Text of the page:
Success Of Cost Optimization Program Led To Higher-Than-Expected Earnings
Starhub’s 4Q2019 earnings were above expectations, increasing +75.8% YoY from S$19.8 million in 4Q2018 to S$34.9 million for 4Q2019. This was mainly attributable to the success of Starhub’s cost optimization program announced in October 2018.
As part of the cost optimization program, Starhub set a target of delivering cost savings amounting to S$210 million between FY2019 and FY2021. As of end-FY2019, Starhub disclosed that it has already achieved 64% of the targeted cost savings. The company’s operating expenses (excluding the loss-making cyber-security business) decreased -15.7% YoY and -4.6% YoY in 4Q2019 and FY2019, respectively.
Specifically, Starhub’s success in gradually changing its content costs for the company’s pay television business from a fixed basis to a variable basis (varying with subscriber numbers or subscriber revenue) has played a key role in its cost optimization program. Starhub has been negotiating with content providers for a change in the content cost structure. The company plans to seek alternative content to replace existing content from content providers who insist on charging content on a fixed basis upon contract renewal.
However, Starhub has guided for a lower EBITDA margin of 27-29% for FY2020, compared with a FY2019 EBITDA margin of 31.7%, despite expectations of further cost savings from the company’s three-year cost optimization program. This is because the company expects to generate a relatively higher proportion of revenue from the lower-margin enterprise business (mobile is a higher margin business relative to the enterprise business) in FY2020 vis-a-vis FY2019.
Risk Relating To Higher 5G Capital Expenditures Partly Mitigated With Joint Bid
Higher-than-expected capital expenditures relating to 5G, which reduce earnings and dividends, are a key risk factor for many telecommunication companies globally, and Starhub is no exception. However, this risk is partly mitigated with Starhub’s plans to collaborate with fellow mobile operator M1 Limited (OTC:MBOFF) (OTCPK:MBOFY).
On January 23, 2020, Starhub announced that it entered into a contract with M1 to “cooperate and submit a joint bid for a 5G licence.” Subsequently, Starhub and M1 submitted a joint bid for the 5G license on February 17, 2020. Starhub noted at its 4Q2019 earnings call on February 20, 2020, that “there will be significant savings in CapEx (capital expenditures)” due to network and infrastructure sharing as a result of the joint bid with M1.
Starhub has guided for a capital expenditures-to-revenue ratio of 6-7% for FY2020 which is lower than 7.5% for FY2019, but this does not include 5G capital expenditures and the cost of spectrum. The company has not given any guidance on 5G capital expenditures, but sell-side analysts from DBS Vickers expect Starhub’s capital expenditures-to-revenue ratio to rise to 13% between FY2021 and FY2024.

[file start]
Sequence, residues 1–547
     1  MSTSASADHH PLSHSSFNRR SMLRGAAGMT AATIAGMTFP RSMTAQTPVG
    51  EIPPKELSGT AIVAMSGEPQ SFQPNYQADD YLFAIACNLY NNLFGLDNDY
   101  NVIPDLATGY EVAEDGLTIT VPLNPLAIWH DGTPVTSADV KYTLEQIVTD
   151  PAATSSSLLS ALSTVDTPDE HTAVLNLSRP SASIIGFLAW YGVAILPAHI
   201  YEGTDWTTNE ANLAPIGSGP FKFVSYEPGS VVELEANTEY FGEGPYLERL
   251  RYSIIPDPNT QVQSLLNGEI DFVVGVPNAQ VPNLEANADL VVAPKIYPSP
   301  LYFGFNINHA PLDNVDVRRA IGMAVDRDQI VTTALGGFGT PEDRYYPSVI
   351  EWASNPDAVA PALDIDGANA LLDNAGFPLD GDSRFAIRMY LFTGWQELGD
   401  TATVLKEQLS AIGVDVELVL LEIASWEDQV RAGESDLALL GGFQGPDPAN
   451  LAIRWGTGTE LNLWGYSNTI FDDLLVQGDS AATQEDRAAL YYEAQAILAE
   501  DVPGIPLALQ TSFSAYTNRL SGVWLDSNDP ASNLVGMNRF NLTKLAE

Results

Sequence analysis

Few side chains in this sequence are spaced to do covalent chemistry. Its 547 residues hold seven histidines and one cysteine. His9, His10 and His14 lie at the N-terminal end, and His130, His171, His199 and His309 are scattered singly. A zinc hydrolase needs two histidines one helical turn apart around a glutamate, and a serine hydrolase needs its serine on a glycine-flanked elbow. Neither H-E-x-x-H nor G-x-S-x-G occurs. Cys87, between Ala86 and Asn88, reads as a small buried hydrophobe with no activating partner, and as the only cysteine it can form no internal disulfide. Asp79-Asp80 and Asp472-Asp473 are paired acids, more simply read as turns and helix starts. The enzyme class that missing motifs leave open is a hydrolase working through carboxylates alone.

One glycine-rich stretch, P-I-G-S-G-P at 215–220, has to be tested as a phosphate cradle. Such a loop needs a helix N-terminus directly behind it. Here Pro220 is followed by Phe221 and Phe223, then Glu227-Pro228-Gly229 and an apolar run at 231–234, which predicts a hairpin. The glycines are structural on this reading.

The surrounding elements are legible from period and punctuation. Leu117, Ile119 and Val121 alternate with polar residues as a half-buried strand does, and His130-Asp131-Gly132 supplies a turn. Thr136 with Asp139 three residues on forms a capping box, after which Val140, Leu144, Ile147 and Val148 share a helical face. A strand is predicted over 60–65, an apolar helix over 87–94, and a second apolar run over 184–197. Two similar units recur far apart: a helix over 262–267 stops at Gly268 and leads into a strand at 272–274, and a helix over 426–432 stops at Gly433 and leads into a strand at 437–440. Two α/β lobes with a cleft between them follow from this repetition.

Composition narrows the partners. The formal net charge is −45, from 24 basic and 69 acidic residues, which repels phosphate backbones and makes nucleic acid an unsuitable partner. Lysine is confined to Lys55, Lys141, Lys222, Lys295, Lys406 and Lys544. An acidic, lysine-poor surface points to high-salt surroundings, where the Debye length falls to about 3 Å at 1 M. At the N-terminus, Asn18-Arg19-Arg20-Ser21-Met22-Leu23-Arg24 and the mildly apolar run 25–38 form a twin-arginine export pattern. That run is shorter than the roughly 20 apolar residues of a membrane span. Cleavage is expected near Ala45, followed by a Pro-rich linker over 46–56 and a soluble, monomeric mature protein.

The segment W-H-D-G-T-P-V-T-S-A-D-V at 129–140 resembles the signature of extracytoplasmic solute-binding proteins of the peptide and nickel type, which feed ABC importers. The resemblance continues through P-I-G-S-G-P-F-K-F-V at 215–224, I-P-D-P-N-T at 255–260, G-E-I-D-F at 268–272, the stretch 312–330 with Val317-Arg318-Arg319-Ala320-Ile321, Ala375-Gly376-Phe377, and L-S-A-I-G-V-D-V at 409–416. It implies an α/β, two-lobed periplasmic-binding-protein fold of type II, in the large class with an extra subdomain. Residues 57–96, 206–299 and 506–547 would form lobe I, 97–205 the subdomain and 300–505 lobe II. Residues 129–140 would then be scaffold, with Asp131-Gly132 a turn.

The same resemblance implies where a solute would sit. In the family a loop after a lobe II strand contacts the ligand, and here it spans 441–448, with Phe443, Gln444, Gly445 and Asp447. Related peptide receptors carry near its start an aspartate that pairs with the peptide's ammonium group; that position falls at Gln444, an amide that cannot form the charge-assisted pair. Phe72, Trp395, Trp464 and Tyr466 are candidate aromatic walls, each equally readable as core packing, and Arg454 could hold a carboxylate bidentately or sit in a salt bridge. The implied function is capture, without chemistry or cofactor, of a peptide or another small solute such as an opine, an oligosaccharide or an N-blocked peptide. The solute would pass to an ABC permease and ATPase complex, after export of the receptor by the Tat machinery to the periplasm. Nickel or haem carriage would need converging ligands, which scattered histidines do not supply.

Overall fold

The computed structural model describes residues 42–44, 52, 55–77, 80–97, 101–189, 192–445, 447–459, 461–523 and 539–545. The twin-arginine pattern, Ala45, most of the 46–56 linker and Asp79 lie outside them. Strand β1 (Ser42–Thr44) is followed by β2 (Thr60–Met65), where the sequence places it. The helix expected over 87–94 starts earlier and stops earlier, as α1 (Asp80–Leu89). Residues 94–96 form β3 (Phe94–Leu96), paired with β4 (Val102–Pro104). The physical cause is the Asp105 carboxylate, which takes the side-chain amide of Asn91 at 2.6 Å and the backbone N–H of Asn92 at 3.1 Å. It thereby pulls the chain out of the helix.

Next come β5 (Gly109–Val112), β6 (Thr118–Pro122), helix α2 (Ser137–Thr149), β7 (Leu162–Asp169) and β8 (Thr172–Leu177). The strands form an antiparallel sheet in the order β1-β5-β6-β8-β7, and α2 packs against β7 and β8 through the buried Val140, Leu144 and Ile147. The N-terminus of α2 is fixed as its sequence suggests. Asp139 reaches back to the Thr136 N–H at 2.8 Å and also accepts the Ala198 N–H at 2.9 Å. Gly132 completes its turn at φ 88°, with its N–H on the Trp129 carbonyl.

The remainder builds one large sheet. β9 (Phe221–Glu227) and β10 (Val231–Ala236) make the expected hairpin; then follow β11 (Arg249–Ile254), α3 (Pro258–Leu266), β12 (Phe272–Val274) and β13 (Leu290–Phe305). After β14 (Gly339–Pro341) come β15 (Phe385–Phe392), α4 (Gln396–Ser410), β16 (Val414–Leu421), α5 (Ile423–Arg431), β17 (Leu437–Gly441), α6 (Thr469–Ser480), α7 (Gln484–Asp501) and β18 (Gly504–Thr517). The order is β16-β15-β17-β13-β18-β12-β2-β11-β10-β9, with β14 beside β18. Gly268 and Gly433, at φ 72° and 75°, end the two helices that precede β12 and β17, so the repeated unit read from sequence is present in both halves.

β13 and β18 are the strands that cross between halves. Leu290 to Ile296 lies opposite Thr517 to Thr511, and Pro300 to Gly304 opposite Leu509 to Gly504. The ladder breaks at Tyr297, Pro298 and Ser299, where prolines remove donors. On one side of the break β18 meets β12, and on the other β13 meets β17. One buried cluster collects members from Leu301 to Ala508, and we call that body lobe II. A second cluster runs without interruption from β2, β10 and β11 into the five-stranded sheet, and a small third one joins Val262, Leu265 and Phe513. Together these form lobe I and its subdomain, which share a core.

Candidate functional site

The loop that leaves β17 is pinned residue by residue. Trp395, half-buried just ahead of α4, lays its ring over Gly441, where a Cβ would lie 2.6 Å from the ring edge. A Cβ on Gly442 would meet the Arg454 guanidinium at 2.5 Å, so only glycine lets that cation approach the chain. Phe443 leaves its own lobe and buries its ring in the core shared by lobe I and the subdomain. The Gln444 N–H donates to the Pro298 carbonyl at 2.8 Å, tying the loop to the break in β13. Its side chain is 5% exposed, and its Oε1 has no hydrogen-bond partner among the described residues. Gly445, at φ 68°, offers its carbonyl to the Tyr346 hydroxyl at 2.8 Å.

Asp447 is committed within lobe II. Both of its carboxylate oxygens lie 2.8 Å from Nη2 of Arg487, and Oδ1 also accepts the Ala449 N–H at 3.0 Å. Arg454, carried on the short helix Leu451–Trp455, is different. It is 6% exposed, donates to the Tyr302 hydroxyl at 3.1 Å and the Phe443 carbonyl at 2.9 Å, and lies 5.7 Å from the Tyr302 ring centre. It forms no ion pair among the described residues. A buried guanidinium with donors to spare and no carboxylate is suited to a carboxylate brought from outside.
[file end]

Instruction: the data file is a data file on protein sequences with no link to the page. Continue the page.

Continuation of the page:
Besides higher-than-expected 5G capital expenditures which could potentially lead to lower dividends in the future (discussed in the next section), another risk is that Starhub does not win either of the two nationwide 5G licenses, which are expected to be awarded in mid-2020. Market leader Singapore Telecommunications Limited (OTCPK:SGAPY) (OTCPK:SNGNF) [ST:SP] and new entrant TPG are the other two companies with Starhub/M1 for the two nationwide 5G licenses.
Starhub trades at 6.1 times trailing twelve months EV/EBITDA and 6.7 times consensus forward next twelve months EV/EBITDA based on its share price of S$1.54 as of February 26, 2020. In comparison, the stock’s historical three-year and five-year average EV/EBITDA multiples were approximately 7.4 times and 8.2 times, respectively.
Starhub offers a forward dividend yield of 5.8% based on the company’s FY2020 guidance of a full-year dividend payout of S$0.09 per share.
Notably, market consensus expects Starhub to pay a lower dividend per share of S$0.082 for FY2021. Starhub’s stated dividend policy is to pay out “at least 80% of net profit attributable to shareholders (adjusted for one-time, non-recurring items),” so the market expects lower earnings for Starhub in FY2021.
More importantly, Starhub declined to commit to whether the company will pay out dividends in FY2021 based on the stated dividend payout ratio or stick to an absolute amount similar to FY2020, as per the company’s comments at its FY2019 earnings call on February 20, 2020.
The key risk factors for Starhub include stiffer-than-expected competition for its mobile business, a faster-than-expected rate of subscriber attrition for its pay television business, higher-than-expected capital expenditure relating to 5G, lower-than-expected dividends going forward.
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Disclosure: I/we have no positions in any stocks mentioned, and no plans to initiate any positions within the next 72 hours. I wrote this article myself, and it expresses my own opinions. I am not receiving compensation for it (other than from Seeking Alpha). I have no business relationship with any company whose stock is mentioned in this article.